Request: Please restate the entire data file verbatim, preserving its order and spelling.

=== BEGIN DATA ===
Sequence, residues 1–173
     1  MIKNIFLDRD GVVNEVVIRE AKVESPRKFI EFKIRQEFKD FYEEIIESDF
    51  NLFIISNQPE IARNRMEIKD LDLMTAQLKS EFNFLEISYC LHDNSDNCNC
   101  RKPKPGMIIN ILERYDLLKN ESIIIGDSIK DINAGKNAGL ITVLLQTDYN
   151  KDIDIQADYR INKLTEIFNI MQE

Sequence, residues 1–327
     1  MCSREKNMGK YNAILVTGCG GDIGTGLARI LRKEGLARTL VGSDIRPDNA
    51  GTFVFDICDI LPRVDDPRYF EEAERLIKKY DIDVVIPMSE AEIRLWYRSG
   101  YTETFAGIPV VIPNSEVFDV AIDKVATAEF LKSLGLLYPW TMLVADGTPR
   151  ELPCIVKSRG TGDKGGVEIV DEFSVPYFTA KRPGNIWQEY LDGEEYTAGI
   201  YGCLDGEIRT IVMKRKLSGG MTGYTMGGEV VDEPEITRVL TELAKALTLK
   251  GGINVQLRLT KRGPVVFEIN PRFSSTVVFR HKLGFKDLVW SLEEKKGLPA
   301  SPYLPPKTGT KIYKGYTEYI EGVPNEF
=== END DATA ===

Sequence, residues 1–173
     1  MIKNIFLDRD GVVNEVVIRE AKVESPRKFI EFKIRQEFKD FYEEIIESDF
    51  NLFIISNQPE IARNRMEIKD LDLMTAQLKS EFNFLEISYC LHDNSDNCNC
   101  RKPKPGMIIN ILERYDLLKN ESIIIGDSIK DINAGKNAGL ITVLLQTDYN
   151  KDIDIQADYR INKLTEIFNI MQE

Sequence, residues 1–327
     1  MCSREKNMGK YNAILVTGCG GDIGTGLARI LRKEGLARTL VGSDIRPDNA
    51  GTFVFDICDI LPRVDDPRYF EEAERLIKKY DIDVVIPMSE AEIRLWYRSG
   101  YTETFAGIPV VIPNSEVFDV AIDKVATAEF LKSLGLLYPW TMLVADGTPR
   151  ELPCIVKSRG TGDKGGVEIV DEFSVPYFTA KRPGNIWQEY LDGEEYTAGI
   201  YGCLDGEIRT IVMKRKLSGG MTGYTMGGEV VDEPEITRVL TELAKALTLK
   251  GGINVQLRLT KRGPVVFEIN PRFSSTVVFR HKLGFKDLVW SLEEKKGLPA
   301  SPYLPPKTGT KIYKGYTEYI EGVPNEF